St. Louis Rams - Not a chance. Can you even name a single player on their defense? A rookie quarterback with no wide receivers is not a recipe for success. Feel free to draft Steven Jackson in fantasy though. I know I will.

Buffalo Bills - Come on. Literally their best offensive player is a slightly disappointing bust. Lee Evans is a good player, but because of the team he's been on, you have to consider him a bust of a pick. He has never been able to put together back to back 1,000 yard seasons. Nor has he ever caught double digit touchdowns. Yet I find it hard to believe he is not just as good as breakout stars DeSean Jackson and Sidney Rice. The only thing holding him back is the name on the front of his jersey.

Detroit Lions - Get serious. They have a couple really talented, young players, but not much besides that. And really talented does not immediately translate to really successful.

Tampa Bay Buccaneers - You have to be happy that Josh Freeman got so many reps last season. What would make Bucs fans happier though, is if Josh Freeman wasn't their starting quarterback. I figure the defense will be closer to old form this season than they were in '09 however.

Cleveland Browns - Josh Cribbs alone puts this team ahead of Tampa Bay. What puts them behind all the remaining teams is the rest of their roster. Joe Thomas is really good. So, umm, there's that. Shaun Rogers was really good about six years ago.

Jacksonville Jaguars - This will be a popular team to pick as making the leap in 2010. However, they are a popular pick every year, and frankly, it seems they are getting worse. I thought David Garrard, after his stellar 2007 campaign, would start taking next steps, yet he has seemed to just level off. The defense has been disappointing as well. Long gone are the days of Henderson and Stroud dominating the middle of the trenches.

Washington Redskins - I assume this will be the most likely choice for those analysts out there. Obviously bringing in a star like McNabb will do that. However, I never really thought quarterback was their biggest problem. Jason Campbell always seemed serviceable to me. And although serviceable quarterbacks aren't winning titles, they can make the playoffs if the rest of the team is good. The fact is, the Redskins don't have a running back on their team in his prime. They don't have a wide receiver in his prime either. It is very likely that Chris Cooley is their most reliable offensive weapon. The defense is good. There is no denying that. However, I don't see them making the worst to first jump in the NFC East. The rest of those teams are just too good.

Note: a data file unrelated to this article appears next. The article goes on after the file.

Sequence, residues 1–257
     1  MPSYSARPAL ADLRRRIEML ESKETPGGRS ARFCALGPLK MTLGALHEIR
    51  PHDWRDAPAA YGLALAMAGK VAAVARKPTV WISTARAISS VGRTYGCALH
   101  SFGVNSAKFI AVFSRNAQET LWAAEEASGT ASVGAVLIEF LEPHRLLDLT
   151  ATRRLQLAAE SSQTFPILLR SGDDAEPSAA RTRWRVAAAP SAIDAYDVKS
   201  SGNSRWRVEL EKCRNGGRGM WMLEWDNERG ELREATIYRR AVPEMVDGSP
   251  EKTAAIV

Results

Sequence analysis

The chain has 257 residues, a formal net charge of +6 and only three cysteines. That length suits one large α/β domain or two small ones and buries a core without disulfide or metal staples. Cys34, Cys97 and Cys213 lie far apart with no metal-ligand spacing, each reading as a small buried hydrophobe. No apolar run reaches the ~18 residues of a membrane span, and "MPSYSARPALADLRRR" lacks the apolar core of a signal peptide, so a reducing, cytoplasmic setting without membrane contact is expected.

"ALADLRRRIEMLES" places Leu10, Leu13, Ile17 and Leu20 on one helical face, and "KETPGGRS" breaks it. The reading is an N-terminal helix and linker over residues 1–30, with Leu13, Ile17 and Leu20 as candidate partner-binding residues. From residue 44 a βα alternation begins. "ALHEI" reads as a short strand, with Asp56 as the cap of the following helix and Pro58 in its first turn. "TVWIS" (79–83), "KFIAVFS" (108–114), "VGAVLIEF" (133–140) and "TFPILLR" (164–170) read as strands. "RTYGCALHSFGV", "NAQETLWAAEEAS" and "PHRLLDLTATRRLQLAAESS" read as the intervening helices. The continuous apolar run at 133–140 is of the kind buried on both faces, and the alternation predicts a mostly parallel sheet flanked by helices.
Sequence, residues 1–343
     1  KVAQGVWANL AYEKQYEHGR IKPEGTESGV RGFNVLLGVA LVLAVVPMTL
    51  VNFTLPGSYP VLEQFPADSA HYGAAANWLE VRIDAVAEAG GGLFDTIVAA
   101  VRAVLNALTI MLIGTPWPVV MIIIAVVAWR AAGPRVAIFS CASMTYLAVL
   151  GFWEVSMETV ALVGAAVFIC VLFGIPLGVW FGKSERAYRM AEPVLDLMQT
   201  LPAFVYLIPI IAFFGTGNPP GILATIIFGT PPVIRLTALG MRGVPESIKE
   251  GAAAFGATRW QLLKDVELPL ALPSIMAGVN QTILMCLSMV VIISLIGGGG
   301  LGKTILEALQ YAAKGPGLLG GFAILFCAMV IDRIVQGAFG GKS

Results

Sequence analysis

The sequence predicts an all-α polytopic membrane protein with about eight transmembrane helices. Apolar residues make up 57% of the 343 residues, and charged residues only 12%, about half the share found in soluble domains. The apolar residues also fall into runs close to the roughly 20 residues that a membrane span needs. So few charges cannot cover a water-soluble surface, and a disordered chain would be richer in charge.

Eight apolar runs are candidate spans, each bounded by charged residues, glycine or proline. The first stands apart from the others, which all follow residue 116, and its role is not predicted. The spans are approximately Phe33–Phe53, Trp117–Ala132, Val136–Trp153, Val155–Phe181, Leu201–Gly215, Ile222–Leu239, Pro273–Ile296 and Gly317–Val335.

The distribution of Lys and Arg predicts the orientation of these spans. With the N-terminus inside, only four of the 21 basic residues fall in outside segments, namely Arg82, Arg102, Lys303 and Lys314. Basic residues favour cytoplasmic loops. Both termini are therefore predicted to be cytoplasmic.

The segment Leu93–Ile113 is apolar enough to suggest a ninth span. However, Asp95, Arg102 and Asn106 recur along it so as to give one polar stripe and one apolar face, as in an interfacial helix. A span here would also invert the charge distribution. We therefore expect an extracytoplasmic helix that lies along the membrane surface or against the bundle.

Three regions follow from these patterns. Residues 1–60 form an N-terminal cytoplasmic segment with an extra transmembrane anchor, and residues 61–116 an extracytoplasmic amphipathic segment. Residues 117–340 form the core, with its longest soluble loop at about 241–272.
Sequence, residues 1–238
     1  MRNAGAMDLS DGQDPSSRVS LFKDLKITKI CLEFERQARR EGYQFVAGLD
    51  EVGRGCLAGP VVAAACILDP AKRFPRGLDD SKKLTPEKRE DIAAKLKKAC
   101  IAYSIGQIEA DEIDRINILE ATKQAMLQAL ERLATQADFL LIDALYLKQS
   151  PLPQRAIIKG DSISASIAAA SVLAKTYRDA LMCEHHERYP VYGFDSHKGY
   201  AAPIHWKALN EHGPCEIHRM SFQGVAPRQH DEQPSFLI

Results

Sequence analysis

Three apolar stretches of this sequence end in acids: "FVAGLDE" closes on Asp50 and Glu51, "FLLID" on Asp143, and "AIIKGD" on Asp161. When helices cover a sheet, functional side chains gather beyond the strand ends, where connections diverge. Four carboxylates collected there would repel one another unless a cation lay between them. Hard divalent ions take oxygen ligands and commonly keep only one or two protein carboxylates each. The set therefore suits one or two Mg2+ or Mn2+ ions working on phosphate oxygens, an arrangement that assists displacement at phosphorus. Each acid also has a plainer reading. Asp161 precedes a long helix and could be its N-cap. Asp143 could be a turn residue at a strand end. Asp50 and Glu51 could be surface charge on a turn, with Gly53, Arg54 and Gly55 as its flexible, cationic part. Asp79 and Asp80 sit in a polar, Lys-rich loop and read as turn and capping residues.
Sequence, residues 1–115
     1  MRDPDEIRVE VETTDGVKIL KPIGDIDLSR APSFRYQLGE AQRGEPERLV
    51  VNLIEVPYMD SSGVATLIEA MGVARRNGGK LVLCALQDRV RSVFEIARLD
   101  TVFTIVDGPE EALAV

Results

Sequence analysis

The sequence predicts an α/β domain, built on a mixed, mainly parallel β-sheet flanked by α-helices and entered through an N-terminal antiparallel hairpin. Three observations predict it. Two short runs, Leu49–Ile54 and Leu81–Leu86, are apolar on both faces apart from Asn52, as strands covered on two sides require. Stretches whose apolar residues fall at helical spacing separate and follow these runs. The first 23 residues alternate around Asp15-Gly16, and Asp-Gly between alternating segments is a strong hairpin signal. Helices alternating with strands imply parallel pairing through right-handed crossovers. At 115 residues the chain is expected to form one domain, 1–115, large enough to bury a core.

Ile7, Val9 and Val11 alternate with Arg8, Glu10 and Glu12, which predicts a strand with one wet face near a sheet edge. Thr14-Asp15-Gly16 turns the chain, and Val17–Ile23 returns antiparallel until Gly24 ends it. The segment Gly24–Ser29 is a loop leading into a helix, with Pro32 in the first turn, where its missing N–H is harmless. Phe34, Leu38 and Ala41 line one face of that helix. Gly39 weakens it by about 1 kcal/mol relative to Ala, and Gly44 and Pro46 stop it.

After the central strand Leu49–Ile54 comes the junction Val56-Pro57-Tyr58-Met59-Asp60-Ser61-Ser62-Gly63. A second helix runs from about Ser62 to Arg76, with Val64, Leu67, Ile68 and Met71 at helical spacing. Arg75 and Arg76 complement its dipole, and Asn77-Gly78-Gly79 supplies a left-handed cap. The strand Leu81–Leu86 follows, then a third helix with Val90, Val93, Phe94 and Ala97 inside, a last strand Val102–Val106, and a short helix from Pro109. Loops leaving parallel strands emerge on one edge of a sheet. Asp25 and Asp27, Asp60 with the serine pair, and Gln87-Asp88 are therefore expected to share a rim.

And that leaves my choice, nay THE choice, for sleeper team of 2010: the Kansas City Chiefs. They were a popular pick a few years back to make some noise and it never materialized. However, now that everyone is counting them out, it will be their time to shine. This team isn't great. Obviously. If they were, they wouldn't be on this list or have gone 4-12 last season. Yet I can see some signs. They were pretty good last year at running the ball, ranking 11th in the NFL in yards/game, and they should be even better this year. With the addition of Thomas Jones, and just having Jamaal Charles know he'll get lots of carries for once, will definitely propel this team into the top 10 in the NFL in rushing. Their real problem last year was passing and, maybe it's just me, but I still think Matt Cassel can be good. Of course he'll need Dwayne Bowe to get his act together, but Cassel may finally have enough experience. As for the defense, it certainly was not a strength in '09, yet they have some players out there, most notably is Tamba Hali. And as 'people' will tell you, the most important position on a defense is a rush end. So check that off.

I see the Chiefs going 10-6 this season, and making the playoffs for the first time in four years. Feel free to disagree, yet be prepared to be wrong, because I have found and unearthed 'That Team.'

(Image taken from